After failing to catch a single fish, we tried to catch a bird. We figured it would be much easier to catch a bird than to catch a fish. Birds are much less slippery than fish.

We baited the rings with stale bread, which is well known for being the best thing to feed birds.

We then found a low-hanging bird’s nest in a tree. There were babies inside, so we were sure the mother bird would be thrilled to have free food nearby. We hung the trap in the tree and waited.

An hour later, nothing had happened. This was horrible. We couldn’t catch a bird for the life of us.
We then tried a new approach. We laid the trap on the ground. Then we made a trail of crumbs on the ground leading towards the trap.

At first we were really excited because birds came right to the trail of crumbs and started following it down to the trap. But alas, they never got caught in the trap.

The Bird Experiment: Results
We spent two hours bird hunting, and didn’t catch a damn thing. Part Two of our hypothesis holds true. Birds do not get easily caught in 6-pack rings.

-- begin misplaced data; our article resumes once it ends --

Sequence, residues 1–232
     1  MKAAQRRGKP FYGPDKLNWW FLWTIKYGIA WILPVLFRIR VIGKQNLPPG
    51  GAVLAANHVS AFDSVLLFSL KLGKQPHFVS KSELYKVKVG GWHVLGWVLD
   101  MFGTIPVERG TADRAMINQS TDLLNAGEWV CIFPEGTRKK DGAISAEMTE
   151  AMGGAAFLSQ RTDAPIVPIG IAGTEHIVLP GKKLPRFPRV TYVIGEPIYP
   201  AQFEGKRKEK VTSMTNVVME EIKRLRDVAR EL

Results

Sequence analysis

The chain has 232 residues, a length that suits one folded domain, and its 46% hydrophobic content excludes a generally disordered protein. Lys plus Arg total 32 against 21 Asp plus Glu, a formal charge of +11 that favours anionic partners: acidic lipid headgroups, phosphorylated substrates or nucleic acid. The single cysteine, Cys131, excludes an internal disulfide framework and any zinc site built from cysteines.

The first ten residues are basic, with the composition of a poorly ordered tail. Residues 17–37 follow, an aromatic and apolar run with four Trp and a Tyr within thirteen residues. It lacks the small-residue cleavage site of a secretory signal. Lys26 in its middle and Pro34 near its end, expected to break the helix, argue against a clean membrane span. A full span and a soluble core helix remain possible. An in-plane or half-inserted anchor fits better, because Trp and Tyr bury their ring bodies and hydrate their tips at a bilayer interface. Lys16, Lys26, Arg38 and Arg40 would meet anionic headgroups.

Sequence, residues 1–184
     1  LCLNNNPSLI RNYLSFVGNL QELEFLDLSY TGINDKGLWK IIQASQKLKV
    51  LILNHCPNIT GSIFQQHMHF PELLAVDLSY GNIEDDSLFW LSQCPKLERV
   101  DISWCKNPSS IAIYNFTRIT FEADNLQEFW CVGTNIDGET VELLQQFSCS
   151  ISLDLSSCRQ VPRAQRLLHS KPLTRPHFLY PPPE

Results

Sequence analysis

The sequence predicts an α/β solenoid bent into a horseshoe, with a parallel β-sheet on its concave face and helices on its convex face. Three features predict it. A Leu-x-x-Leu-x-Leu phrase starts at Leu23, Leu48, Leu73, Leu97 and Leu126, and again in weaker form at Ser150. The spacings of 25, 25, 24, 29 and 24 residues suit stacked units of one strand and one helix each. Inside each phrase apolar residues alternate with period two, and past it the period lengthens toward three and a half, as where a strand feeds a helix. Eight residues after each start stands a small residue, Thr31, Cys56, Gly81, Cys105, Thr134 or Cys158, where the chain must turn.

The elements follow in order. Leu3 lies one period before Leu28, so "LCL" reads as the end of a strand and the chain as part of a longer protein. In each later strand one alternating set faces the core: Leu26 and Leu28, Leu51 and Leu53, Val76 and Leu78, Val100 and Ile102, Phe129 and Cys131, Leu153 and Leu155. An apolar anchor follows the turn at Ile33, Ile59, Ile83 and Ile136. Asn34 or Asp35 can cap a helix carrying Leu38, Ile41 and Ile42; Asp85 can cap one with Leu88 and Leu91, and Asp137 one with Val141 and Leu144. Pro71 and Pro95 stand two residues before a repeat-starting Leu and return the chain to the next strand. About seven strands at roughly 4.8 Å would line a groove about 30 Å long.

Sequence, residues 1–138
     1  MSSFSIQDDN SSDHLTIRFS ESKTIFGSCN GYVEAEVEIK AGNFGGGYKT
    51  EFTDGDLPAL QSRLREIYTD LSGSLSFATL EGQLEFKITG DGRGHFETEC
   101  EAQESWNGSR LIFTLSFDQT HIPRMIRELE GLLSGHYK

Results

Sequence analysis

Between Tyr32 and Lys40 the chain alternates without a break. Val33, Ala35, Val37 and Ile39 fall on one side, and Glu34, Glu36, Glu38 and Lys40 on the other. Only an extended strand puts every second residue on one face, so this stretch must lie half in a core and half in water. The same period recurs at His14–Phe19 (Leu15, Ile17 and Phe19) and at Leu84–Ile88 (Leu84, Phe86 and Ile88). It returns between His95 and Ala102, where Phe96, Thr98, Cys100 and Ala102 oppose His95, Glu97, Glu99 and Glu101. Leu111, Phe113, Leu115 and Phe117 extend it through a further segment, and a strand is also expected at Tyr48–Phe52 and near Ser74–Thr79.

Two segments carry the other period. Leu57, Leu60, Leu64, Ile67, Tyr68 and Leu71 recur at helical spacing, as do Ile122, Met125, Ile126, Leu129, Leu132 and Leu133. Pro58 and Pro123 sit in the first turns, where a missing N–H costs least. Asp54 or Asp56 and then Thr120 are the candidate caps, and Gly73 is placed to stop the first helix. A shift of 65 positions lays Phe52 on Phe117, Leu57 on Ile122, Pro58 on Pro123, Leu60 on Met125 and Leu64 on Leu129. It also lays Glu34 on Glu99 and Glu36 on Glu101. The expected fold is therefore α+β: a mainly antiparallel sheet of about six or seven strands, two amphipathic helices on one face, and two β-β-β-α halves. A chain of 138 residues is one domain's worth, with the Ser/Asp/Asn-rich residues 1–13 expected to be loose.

Conclusion
The myth is false. Birds and fish do not get caught in 6-pack rings. You can stop the laborious process of cutting them up. From now on you will never have to cut them up. Think of how much time you’ll save!

_____________________

This article is republished with permission from the May-June 2005 issue of the Annals of Improbable Research. You can download or purchase back issues of the magazine, or subscribe to receive future issues. Or get a subscription for someone as a gift!

Visit their website for more research that makes people LAUGH and then THINK.


Go to any state park, they will have a display of animals that have died horribly from human littler. PLEASE remove this article and/or post a retraction.
Maybe this is a joke and I just haven't had enough coffee to get it, either way, the internet would be better without it.
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Horrible. Just google 6 pack plastic rings and look at the images. A couple of idiots failed to catch a NESTING MOTHER BIRD in a a single experiment and then imply that these things are perfectly safe?

I guess I just don't get how this is funny.
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oh my. i love neatorama but this article is disappointing. please look up some more info on how devastating this garbage can be to wild life and consider a retraction or explanation. i live in Florida and a variety of seabirds can easily be ensnared and killed by the six pack rings.